Web Summit: Media companies need to go where the social platforms are

The opportunity lies in ‘finding new ways of finding new audiences’

The Marketing Stage during Day 3 of the Web Summit Photograph: Sportsfile

The Marketing Stage during Day 3 of the Web Summit Photograph: Sportsfile

 

The impact of technology on the media has been a staple part of the Web Summit conversation for years now, and this year the rise of adblocking has added to the sense of anxiety evident in some of the media panels.

In an illuminating conversation on the Marketing Stage, Paul Berry of Rebelmouse, Jonathan Hunt of Vox, and Stephen Hills of The Washington Post discussed the state of the media equation, and the consensus was that this period of flux marks a watershed, in terms of content creation and advertising.

Asked by moderator Aine Kerr whether the rise of other platforms such as Facebook or Twitter represents a threat to the traditional publishing models, Mr Hills said: “The past year has seen the strongest growth in the history of The Washington Post, we are at 59 million uniques and in October we’re going to blow through that. The truth is platforms generate discovery - we believe that the platforms are going to exist and thrive anyway, so it makes sense to go to where the puck is going to be.”

Listen: Pamela Newenham reports from the Web Summit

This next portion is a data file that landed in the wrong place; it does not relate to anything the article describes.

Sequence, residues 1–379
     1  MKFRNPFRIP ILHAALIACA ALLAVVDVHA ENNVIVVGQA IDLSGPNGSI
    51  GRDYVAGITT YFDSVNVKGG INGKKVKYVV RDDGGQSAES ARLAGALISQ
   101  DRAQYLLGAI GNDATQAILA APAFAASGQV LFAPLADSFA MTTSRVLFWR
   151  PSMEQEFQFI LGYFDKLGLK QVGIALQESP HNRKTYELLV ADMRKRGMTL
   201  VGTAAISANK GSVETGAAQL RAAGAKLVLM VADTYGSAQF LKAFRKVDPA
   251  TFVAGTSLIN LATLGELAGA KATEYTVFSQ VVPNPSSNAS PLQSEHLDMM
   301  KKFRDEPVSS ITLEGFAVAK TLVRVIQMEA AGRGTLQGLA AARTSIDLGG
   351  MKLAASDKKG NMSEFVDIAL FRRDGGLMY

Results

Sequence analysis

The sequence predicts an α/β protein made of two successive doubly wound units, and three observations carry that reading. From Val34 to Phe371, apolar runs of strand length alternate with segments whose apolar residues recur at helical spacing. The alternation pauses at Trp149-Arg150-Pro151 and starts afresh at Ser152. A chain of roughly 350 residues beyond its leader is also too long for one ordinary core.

Adding to that sentiment, Mr Hunt said “I’m baffled that this is still part of our conversation. If you told people five years ago that half your traffic was going to come from mobile, people would have dunked you to see if you were a witch. But it’s better to be proactive and get in front of it, rather than take a wait and see approach.”

That approach was echoed by Mr Berry of digital marketing firm Rebelmouse. “I think it’s the most exciting time in media and marketing. It’s the end of advertising and a new era for marketing.”

Mr Hunt indicated further optimism: “The opportunity to me is exactly about finding new ways of finding new audiences. There’s a misconception that by distributing content to Facebook or Snapchat, you’re somehow compromising the quality of your voice. It’s up to you to maintain that quality while finding new audiences in different ways.”